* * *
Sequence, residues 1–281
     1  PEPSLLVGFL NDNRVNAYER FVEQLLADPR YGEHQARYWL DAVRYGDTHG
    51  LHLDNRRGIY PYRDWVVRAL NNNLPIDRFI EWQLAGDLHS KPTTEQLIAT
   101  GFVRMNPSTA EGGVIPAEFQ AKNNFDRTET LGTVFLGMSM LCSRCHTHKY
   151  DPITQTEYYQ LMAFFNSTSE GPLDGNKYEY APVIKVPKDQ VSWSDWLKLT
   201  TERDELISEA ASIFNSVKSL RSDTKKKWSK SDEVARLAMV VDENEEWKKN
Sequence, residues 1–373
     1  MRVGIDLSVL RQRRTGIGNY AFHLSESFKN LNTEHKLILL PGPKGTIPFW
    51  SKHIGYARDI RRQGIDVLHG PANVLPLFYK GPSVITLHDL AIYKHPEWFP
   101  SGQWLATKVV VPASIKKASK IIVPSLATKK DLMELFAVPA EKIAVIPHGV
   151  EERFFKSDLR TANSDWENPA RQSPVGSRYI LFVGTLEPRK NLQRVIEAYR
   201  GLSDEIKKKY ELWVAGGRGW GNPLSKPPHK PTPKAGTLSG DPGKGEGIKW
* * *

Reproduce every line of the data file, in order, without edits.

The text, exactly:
Sequence, residues 1–281
     1  PEPSLLVGFL NDNRVNAYER FVEQLLADPR YGEHQARYWL DAVRYGDTHG
    51  LHLDNRRGIY PYRDWVVRAL NNNLPIDRFI EWQLAGDLHS KPTTEQLIAT
   101  GFVRMNPSTA EGGVIPAEFQ AKNNFDRTET LGTVFLGMSM LCSRCHTHKY
   151  DPITQTEYYQ LMAFFNSTSE GPLDGNKYEY APVIKVPKDQ VSWSDWLKLT
   201  TERDELISEA ASIFNSVKSL RSDTKKKWSK SDEVARLAMV VDENEEWKKN
Sequence, residues 1–373
     1  MRVGIDLSVL RQRRTGIGNY AFHLSESFKN LNTEHKLILL PGPKGTIPFW
    51  SKHIGYARDI RRQGIDVLHG PANVLPLFYK GPSVITLHDL AIYKHPEWFP
   101  SGQWLATKVV VPASIKKASK IIVPSLATKK DLMELFAVPA EKIAVIPHGV
   151  EERFFKSDLR TANSDWENPA RQSPVGSRYI LFVGTLEPRK NLQRVIEAYR
   201  GLSDEIKKKY ELWVAGGRGW GNPLSKPPHK PTPKAGTLSG DPGKGEGIKW